It cannot be proven that Colossians and Ephesians are limited to a Sunday service, so they do not restrict the type of worship that can be offered on Sunday. Secondly, asking what kind of music is authorized in Ephesians and Colossians assumes that Ephesians and Colossians are trying to authorize a certain type of music. This is not even the function of the passage. Both of these passages are talking about a Christian’s daily conduct as members of the New Covenant community, not the regulation of worship on Sunday.
But let’s take it a step further. The word “worship” is used forty-five times from Acts – Revelation with twenty-three of those times being in Revelation itself. Of course, I’ve been told that Revelation doesn’t count when I’ve pointed out that the saints within the book play harps without any warnings from John about the deadly nature of such activities, so we’ll leave Revelation out of the following study.
Out of those remaining twenty-two times, do you know how many refer to a required weekly assembly on Sunday which follows a pattern with five specific acts?
In many of the cases, Christian worship isn’t even under consideration. This leaves us with just a few verses:
That’s it. Every other instance refers to worship under the Law, idolatry, the worship of an unbeliever when they see an entire congregation prophesying, and when Cornelius bows down before Peter. I might have missed one, but I double checked and couldn’t find any stragglers.
Here are the three verses:
But while Gallio was proconsul of Achaia, the Jews with one accord rose up against Paul and brought him before the judgment seat, saying, “This man persuades men to worship God contrary to the law.”Acts 18:12–13
Therefore I urge you, brethren, by the mercies of God, to present your bodies a living and holy sacrifice, acceptable to God, which is your spiritual service of worship. And do not be conformed to this world, but be transformed by the renewing of your mind, so that you may prove what the will of God is, that which is good and acceptable and perfect.Romans 12:1–2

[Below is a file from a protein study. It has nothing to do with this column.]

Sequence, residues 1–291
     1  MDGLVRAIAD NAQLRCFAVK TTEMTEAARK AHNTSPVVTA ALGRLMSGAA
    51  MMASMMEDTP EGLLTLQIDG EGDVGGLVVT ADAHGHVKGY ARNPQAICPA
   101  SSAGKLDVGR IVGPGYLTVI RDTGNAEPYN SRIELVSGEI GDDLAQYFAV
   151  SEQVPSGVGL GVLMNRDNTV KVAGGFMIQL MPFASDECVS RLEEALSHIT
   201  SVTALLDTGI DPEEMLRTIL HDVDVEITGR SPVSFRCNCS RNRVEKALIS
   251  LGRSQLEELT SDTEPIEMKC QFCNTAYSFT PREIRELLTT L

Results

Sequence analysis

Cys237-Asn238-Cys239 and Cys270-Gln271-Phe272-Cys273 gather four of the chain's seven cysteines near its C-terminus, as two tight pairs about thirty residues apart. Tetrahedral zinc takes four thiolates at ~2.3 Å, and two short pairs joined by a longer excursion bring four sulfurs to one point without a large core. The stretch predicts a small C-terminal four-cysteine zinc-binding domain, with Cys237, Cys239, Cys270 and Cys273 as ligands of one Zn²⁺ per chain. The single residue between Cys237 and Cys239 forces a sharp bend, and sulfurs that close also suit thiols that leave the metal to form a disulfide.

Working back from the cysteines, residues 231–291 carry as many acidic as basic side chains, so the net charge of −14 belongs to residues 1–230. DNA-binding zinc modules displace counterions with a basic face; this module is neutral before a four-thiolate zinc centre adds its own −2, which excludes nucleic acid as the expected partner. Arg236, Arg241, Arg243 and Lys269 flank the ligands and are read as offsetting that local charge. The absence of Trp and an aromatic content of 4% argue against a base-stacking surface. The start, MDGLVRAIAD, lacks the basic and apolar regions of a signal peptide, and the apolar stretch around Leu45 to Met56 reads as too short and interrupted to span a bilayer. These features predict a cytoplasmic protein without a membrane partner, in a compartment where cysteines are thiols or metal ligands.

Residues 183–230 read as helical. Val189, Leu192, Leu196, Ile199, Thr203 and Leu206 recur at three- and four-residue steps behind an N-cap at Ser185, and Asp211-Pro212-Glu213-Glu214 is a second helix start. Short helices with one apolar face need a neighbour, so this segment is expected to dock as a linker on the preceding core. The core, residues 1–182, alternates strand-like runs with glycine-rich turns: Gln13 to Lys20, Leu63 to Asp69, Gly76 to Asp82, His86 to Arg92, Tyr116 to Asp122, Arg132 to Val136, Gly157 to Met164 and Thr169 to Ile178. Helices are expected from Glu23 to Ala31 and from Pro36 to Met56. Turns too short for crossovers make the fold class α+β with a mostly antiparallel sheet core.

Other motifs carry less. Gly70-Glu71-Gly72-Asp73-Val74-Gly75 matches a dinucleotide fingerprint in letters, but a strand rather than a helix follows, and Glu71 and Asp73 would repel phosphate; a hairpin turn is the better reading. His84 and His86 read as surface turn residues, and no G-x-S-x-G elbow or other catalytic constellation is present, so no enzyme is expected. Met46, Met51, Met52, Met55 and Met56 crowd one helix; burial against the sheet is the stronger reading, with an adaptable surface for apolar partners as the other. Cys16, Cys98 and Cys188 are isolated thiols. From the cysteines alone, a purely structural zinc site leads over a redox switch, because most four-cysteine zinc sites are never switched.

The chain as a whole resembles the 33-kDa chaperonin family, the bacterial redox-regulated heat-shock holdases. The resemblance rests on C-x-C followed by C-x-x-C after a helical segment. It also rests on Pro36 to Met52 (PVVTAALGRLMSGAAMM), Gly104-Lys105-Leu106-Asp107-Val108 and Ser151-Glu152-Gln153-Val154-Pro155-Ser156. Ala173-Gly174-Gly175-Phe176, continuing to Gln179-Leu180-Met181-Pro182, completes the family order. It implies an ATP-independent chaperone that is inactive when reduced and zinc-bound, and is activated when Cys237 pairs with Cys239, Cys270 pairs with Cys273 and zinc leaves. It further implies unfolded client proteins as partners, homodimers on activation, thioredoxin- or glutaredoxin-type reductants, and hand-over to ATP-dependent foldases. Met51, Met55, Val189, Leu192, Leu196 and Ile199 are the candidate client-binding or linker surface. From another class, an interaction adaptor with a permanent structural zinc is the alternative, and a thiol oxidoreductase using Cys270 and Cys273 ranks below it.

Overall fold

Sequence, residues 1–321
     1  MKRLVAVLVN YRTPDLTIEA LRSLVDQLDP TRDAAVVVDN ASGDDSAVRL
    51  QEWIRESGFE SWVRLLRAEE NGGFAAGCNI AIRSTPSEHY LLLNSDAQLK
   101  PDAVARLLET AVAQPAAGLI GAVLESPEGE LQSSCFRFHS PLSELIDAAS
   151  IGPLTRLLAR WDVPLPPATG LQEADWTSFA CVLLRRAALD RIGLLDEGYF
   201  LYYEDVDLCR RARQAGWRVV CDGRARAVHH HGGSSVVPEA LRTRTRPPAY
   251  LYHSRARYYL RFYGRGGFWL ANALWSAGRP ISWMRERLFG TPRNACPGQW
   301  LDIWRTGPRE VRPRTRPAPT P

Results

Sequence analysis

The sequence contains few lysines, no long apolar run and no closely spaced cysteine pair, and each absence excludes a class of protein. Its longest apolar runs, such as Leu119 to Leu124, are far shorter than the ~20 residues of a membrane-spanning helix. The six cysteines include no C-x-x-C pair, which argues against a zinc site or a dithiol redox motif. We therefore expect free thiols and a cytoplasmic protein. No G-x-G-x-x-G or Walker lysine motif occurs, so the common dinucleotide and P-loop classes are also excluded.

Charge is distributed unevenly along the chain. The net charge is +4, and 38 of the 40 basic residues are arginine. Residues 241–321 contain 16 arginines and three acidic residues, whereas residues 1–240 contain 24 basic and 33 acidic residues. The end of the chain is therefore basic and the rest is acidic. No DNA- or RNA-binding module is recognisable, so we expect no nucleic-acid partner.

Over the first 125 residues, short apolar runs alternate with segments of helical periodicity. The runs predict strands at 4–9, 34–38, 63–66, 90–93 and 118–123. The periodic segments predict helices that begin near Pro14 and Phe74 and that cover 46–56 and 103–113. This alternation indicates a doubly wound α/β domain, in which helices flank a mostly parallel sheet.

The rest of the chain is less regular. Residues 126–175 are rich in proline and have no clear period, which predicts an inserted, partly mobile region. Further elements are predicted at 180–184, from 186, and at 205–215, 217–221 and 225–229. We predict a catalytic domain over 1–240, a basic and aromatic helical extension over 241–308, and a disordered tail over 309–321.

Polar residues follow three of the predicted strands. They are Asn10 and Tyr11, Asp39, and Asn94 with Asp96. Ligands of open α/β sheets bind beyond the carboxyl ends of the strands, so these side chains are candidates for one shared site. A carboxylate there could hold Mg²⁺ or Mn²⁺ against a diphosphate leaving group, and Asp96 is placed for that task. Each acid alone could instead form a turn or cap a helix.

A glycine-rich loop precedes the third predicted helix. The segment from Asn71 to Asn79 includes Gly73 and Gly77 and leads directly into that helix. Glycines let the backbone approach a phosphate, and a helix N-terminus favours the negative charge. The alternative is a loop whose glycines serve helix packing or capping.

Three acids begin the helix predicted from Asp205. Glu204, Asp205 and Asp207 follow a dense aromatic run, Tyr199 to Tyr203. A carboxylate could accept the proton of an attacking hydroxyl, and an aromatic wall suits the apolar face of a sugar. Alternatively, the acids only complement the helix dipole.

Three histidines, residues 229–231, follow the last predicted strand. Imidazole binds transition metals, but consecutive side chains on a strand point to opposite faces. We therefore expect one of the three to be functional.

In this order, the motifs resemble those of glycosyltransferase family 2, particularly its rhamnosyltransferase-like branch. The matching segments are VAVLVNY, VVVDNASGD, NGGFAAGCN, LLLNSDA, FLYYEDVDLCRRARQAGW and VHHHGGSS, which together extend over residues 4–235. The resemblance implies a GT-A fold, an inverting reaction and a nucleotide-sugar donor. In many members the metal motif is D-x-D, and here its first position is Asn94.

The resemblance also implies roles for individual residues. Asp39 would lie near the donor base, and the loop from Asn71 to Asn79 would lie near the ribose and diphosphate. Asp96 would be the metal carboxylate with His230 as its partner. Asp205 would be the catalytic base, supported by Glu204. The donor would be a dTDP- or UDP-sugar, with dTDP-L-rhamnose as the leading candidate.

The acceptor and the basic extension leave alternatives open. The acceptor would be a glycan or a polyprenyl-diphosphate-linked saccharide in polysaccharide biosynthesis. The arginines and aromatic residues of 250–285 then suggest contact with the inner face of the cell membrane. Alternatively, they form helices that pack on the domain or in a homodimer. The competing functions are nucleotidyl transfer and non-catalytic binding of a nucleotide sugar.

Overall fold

for we are the true circumcision, who worship in the Spirit of God and glory in Christ Jesus and put no confidence in the flesh,Philippians 3:3
The first verse isn’t even about Christian worship specifically; it’s a complaint about Christianity. The second says that our entire lives our how we worship God under the New Covenant. And the third verse simply distinguishes between worship in the Spirit instead of worshiping in the flesh.
A required weekly worship service which takes place every Sunday and follows a pattern with five necessary acts isn’t found in the New Testament. This idea came about through stringing together multiple verses out of context and demanding that others conform to their interpretation, something that coudln’t even be done until the entire New Testament was completed and distributed to every Christian.
There is no command in the Bible to meet every Sunday. There is no command in the Bible that says that if one misses the assembly, they are in sin. There is no command in the Bible demanding that people worship on a specific day every single week.
In fact, the New Testament teaches that our lives are worship. Everything we do in word or deed is done to glorify the name of Jesus. We worship in Spirit and in Truth, that is we are not tied to a sacred location. Thus, all that we do in “every place” is done for God (1 Corinthians 1:2; cf. 1 Kings 8:29). Worship is not something that is offered up once a week; we always “pray without ceasing” as priests in the holy place. We always offer up spiritual sacrifices in this royal priesthood through conforming ourselves to Christ, not the world.
For more information on the worship service, or lack thereof, please see Dallas Burdette’s essays Worship 1-5: